If a trip to the Caribbean or even the West Coast isn’t in your family’s budget, there are plenty of ways you can enjoy summer close to home. So what’s the plan for this week? With families gearing up for school in just a few short weeks, maybe it’s time for some history lessons right here in the Hudson Valley.
Did you know that Rockland’s famous red clay made Haverstraw famous for brick-making?
Did you know that a key revolutionary war battle was fought on the western shore of the Hudson River in Stony Point?
Learn a bit of local history while having fun at these top 5 historical sites in the Hudson Valley.
1. Stony Point Battlefield
Located on a peninsula along the Hudson River, Stony Point battlefield is the site of one of the last Revolutionary War battles fought in the northeastern colonies. In July of 1779, under the direction of General Anthony Wayne and the order of General Washington, Continental troops launched a surprise attack on the British—and right here in the Hudson Valley! Armed with bayonets only, the troops succeeded and ended the British power over the river. And, this site is a double whammy because it is also home to the oldest lighthouse on the Hudson River. Built in 1826, the Stony Point Lighthouse displays the importance of lighthouses as they were used for commerce and transportation. Admission is free and visits to the site include tours, interpretive programs, and reenactments. Don’t miss out on this opportunity to learn about some of the Hudson Valley’s most important history.
For more information visit http://www2.lhric.org/spbattle/spbattle.htm
2. West Point Museum
Why search far and wide for museums, when we have some of the most interesting history right in our own backyard? The United States Military Academy’s West Point Museum, located in Orange County, houses military collections over two centuries old. Its artifacts and assortment of works encompass the history of the area and of the United States Military Academy. They include the evolution of warfare, as well as the development of the American Armed Forces. The public collection is one of the largest in the Western hemisphere and is based on captured British materials brought to West Point after the battle of Saratoga. Admission to the museum is free.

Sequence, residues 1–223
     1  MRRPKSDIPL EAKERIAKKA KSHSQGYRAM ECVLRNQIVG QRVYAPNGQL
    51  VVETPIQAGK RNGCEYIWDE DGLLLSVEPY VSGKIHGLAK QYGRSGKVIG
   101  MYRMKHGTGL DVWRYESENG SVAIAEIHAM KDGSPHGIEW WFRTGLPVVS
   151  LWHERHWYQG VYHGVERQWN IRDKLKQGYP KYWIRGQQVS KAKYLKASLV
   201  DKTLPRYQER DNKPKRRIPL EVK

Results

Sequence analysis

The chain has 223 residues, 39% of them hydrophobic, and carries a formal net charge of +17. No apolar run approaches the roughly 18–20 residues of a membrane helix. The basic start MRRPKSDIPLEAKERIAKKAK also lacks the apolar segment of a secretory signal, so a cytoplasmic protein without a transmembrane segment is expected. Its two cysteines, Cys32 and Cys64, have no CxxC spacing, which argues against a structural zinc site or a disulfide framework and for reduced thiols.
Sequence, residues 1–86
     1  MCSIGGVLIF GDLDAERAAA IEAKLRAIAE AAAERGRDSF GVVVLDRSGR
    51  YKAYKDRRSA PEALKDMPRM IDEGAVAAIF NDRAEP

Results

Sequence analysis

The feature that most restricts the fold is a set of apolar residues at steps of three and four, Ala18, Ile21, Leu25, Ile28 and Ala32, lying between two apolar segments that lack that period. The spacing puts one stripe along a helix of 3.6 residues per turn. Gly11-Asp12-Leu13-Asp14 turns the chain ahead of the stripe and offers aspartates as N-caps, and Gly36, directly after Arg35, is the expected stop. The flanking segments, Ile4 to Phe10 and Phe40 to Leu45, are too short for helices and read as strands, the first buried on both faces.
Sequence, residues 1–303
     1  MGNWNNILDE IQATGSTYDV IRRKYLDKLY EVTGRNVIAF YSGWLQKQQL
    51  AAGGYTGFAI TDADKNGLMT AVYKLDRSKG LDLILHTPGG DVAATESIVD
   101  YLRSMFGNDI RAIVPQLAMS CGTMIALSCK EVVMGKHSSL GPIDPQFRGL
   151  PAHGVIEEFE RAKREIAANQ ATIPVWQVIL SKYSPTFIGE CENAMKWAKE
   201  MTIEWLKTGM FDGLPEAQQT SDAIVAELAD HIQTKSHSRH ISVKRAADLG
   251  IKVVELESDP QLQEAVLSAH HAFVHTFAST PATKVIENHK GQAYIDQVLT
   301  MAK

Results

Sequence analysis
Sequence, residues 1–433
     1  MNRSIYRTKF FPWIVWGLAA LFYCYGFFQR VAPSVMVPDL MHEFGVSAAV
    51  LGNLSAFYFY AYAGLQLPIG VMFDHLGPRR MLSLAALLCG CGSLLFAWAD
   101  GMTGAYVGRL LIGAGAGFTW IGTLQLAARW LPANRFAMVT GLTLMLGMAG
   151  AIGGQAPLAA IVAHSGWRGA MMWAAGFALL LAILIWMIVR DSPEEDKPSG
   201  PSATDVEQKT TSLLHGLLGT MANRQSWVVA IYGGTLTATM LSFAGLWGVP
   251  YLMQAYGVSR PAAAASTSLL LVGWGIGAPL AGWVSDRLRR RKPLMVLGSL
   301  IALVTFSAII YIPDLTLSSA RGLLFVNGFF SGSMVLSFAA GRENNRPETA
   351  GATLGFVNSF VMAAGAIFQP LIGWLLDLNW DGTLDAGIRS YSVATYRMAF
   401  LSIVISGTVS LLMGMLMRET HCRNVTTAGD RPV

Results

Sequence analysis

For more information visit http://www.westpoint.edu/Museum/
3. Haverstraw Brick Museum
Believe it or not, Haverstraw, located in Rockland County, was the heart and soul of the brick making industry. In the late 1700’s, it was discovered that The Hudson River shore contained large deposits of clay, which formed the perfect materials needed for the industry to prosper. For centuries, thousands of people combined the raw materials on the shore to furnish buildings all over the Hudson Valley and Manhattan. More than 60 years after the last brick yard closed, in 1941, the museum opened. With rich history and cultural information, the exhibits and displays in the museum are a must see.
For more information visit http://www.haverstrawbrickmuseum.org/
4. Putnam Valley Historic Society and Museum
Created by a group of Philipstown residents, the Putnam County Historical Society was founded in 1906. For years, the society devoted itself to preserving the history of the area. The museum, added to the complex in 1971, houses fine art, photographs, and artifacts from local collectors. Society members who are well-versed and experienced in the county’s history are educators and guides in the museum. People of all ages are welcome to learn about and discover the cultural history of Putnam County through diverse exhibitions, tours, and public programs.
For more information visit: http://www.pchs-fsm.org/
5. Westchester County Historic Society
Our last historic site is located in Elmsford. Here, stories about the events and people who have made the county what it is today are shared. The society was founded over a century ago and strives to collect and preserve books, pamphlets, maps, manuscripts, photographs, films, and more in order to display the rich history of Westchester and it also houses Westchester’s largest library. Delve into your roots and take the time to learn about the history of Westchester.
For more information visit http://www.westchesterhistory.com/
These are just a few of the many sites in this historic region. The best part is, there won't even be a final exam for these history lessons!